Clever marketing made 10 Cloverfield Lane, the surprise movie no one knew about, into a hit this weekend. The movie, a pseudo-sequel to Cloverfield but which has very little, if anything, to do with Cloverfield other than the word "Cloverfield" and J.J. Abrams's involvement, made $25.2 million on a $15 million budget. It stars a very scary John Goodman as a sexist survivalist with an underground bunker and a very scared Mary Elizabeth Winstead as a woman held captive. Zootopia, which does not star John Goodman as a scary survivalist but does have a lovely anti-bigotry theme, added another $50 million to its now-$142.6 million haul domestically, $431.3 million globally. Deadpool keeps killing it, making $10.8 million in its fifth week, on a $58 million budget; it just beat out the xenophobic London Has Fallen, which made $10.6 million, for a $38.8 million two-week total.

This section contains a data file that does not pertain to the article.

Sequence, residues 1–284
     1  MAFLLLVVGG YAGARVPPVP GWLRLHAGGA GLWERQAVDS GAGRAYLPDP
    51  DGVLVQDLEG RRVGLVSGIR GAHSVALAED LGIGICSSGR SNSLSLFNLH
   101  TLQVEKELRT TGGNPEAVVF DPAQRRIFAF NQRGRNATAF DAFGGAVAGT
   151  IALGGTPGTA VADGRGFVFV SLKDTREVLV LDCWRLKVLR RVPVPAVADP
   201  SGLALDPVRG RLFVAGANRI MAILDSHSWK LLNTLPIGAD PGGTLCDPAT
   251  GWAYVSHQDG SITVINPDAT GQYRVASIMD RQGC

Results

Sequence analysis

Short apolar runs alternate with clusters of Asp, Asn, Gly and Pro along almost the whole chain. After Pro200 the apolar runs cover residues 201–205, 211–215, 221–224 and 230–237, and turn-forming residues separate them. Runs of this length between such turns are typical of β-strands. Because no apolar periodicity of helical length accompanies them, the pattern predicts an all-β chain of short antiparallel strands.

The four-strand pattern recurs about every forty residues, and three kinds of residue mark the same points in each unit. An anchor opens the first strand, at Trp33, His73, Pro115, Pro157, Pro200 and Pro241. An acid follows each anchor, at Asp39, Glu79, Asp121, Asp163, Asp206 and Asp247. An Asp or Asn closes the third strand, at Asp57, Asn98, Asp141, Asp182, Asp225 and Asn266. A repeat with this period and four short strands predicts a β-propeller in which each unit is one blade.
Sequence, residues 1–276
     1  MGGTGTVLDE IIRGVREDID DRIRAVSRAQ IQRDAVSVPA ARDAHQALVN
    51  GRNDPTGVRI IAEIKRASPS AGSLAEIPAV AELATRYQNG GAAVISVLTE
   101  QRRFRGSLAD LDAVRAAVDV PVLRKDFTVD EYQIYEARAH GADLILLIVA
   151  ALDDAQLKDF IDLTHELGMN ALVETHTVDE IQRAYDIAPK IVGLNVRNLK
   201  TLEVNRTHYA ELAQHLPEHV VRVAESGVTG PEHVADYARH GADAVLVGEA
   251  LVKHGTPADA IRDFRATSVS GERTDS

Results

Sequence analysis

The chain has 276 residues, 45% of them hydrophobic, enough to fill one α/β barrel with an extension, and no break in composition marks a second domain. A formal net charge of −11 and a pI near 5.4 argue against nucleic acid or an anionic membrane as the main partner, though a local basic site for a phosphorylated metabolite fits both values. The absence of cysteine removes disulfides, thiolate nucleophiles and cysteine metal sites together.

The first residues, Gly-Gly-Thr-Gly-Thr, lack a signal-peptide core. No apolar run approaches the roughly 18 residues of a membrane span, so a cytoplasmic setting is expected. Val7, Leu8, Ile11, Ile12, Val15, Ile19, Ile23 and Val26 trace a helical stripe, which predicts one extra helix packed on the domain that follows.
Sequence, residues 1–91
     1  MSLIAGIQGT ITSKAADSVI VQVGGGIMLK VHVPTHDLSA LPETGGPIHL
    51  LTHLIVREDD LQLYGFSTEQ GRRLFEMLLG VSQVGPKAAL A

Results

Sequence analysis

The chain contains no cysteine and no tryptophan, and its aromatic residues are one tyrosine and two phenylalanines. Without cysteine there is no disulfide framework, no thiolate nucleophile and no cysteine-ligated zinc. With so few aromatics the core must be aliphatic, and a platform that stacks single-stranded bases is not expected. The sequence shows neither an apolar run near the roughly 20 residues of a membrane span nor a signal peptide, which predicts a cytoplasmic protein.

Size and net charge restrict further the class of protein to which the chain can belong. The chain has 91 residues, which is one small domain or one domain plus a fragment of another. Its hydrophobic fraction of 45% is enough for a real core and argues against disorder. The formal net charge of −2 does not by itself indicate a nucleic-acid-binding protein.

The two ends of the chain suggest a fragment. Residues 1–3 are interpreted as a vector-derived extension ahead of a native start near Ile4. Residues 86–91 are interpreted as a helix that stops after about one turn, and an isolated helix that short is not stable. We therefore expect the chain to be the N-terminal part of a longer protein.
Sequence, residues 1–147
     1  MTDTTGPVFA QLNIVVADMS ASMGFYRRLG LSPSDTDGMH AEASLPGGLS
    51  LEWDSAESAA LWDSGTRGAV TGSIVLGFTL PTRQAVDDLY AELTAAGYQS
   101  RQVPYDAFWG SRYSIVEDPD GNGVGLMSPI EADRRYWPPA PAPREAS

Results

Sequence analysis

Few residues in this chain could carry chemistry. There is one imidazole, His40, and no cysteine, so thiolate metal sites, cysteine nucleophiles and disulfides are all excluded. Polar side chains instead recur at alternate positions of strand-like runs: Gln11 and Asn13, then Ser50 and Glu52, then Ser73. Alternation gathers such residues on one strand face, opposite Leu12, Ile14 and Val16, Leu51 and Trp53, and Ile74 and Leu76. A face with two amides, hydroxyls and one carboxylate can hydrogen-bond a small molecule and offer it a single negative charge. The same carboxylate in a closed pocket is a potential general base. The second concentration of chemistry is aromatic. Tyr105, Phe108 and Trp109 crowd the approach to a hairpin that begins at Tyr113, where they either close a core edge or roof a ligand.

Sacha Baron Cohen's Brothers Grimsby, which garnered considerable pre-release scuttlebutt for its depiction of demagogue Donald Trump getting AIDS through fairly outlandish means, did not do well, making $3.1 million, which is $.3 million less than The Young Messiah made on 500 fewer screens. On the indie side, Kelly Reichardt's sublime 1994 feature film debut, River of Grass, which was re-released this weekend, made $3,370 on one screen.